Supreme Court Ends 11-Year Copyright Challenge to Google Books
The Supreme Court on Monday turned away a challenge to Google Inc.'s online book library from authors who said the project makes it harder for them to market their work.
The justices let stand lower court rulings in favor of Mountain View, Calif.-based Google and rejected the authors' claim that the company's digitizing of millions of books amounts to "copyright infringement on an epic scale."
Lower courts have said that Google can provide small portions of the books to the public without violating copyright laws.
The Authors Guild and individual authors first filed their challenge to Google's digital book project in 2005. Google has made digital copies of more than 20 million books from major research libraries and established a publicly available search function.
In October, the U.S. 2nd Circuit Court of Appeals in New York agreed with a judge who concluded that Google was not violating copyright laws when it showed customers small portions of the books. The authors said the project would spoil the market for their work.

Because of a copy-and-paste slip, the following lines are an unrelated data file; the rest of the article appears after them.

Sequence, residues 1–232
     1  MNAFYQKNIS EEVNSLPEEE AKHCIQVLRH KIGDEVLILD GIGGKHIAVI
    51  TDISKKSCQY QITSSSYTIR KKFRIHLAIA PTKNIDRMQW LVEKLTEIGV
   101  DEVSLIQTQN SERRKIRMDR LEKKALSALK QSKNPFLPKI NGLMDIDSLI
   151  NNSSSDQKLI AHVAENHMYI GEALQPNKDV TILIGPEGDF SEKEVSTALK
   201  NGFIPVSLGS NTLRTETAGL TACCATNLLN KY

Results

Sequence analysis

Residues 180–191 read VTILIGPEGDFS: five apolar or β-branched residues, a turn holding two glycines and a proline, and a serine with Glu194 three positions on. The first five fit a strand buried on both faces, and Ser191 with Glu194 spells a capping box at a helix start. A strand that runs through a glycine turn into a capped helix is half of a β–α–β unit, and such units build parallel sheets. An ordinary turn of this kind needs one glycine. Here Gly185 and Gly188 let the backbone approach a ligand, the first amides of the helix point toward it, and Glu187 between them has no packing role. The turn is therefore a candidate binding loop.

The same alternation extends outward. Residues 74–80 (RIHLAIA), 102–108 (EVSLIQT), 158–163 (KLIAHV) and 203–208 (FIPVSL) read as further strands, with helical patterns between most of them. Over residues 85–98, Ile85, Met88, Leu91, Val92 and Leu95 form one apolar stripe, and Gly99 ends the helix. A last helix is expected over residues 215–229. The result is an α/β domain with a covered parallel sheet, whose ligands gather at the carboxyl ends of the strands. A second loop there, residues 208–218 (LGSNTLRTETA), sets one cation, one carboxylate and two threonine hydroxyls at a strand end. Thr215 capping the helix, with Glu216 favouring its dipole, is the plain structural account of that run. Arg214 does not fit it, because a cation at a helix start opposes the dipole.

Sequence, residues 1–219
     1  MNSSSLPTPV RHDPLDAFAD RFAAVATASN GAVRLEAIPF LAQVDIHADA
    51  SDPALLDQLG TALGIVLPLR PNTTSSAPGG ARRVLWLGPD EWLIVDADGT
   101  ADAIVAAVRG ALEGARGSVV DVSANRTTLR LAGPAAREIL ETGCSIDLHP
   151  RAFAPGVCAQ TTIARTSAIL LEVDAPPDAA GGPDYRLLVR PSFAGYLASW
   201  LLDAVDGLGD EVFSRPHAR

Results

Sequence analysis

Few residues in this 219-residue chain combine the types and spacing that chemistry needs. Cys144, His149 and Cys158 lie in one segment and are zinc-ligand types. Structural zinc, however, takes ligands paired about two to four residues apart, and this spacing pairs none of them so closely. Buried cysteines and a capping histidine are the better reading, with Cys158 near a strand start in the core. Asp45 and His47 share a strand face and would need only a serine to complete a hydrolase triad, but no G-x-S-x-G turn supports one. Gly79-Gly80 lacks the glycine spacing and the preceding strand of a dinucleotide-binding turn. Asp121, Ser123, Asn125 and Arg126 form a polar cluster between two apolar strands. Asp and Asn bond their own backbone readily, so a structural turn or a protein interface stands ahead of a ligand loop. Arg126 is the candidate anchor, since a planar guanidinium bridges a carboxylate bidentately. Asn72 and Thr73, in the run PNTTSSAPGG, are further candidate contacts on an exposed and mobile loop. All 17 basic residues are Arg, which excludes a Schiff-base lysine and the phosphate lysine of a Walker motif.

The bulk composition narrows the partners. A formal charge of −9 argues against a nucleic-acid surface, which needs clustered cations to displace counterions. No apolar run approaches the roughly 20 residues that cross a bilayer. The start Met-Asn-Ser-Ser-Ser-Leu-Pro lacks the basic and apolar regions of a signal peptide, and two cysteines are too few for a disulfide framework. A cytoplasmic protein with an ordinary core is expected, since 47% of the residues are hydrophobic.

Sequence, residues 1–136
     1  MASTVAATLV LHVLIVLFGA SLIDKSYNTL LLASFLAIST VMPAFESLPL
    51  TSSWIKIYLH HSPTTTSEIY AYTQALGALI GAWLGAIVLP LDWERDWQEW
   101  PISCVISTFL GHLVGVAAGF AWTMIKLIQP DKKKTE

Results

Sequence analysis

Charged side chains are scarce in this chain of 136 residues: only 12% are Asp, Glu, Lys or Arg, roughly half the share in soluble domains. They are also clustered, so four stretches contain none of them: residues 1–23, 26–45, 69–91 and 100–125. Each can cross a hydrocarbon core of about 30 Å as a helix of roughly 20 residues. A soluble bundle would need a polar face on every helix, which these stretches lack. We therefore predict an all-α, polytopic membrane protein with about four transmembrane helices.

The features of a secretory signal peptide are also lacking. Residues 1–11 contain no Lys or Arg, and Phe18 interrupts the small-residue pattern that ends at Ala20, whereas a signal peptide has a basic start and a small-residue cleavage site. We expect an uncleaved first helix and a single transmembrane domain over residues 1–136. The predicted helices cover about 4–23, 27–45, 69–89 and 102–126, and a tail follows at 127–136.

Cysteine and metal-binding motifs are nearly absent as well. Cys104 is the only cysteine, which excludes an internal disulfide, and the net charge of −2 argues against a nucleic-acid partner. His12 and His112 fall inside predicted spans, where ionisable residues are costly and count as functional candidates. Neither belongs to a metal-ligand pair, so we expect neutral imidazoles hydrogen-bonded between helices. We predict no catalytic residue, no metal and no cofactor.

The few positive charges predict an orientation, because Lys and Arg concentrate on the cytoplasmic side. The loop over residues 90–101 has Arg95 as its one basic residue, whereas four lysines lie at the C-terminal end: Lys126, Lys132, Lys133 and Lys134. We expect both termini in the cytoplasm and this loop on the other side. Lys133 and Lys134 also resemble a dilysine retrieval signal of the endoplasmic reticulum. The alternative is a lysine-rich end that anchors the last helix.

The appeals court said Google's "snippet view, at best and after a large commitment of manpower, produces discontinuous, tiny fragments, amounting in the aggregate to no more than 16% of a book. This does not threaten the rights holders with any significant harm to the value of their copyrights or diminish their harvest of copyright revenue."
The three-judge appeals panel did acknowledge, though, that some book sales probably would be lost if someone were merely searching for a portion of text to ascertain a fact.
Writers involved in the lawsuit include Jim Bouton, author of the bestseller "Ball Four"; Betty Miles, author of "The Trouble with Thirteen"; and Joseph Goulden, author of "The Superlawyers: The Small and Powerful World of Great Washington Law Firms."
The case is The Authors Guild vs. Google, 15-849.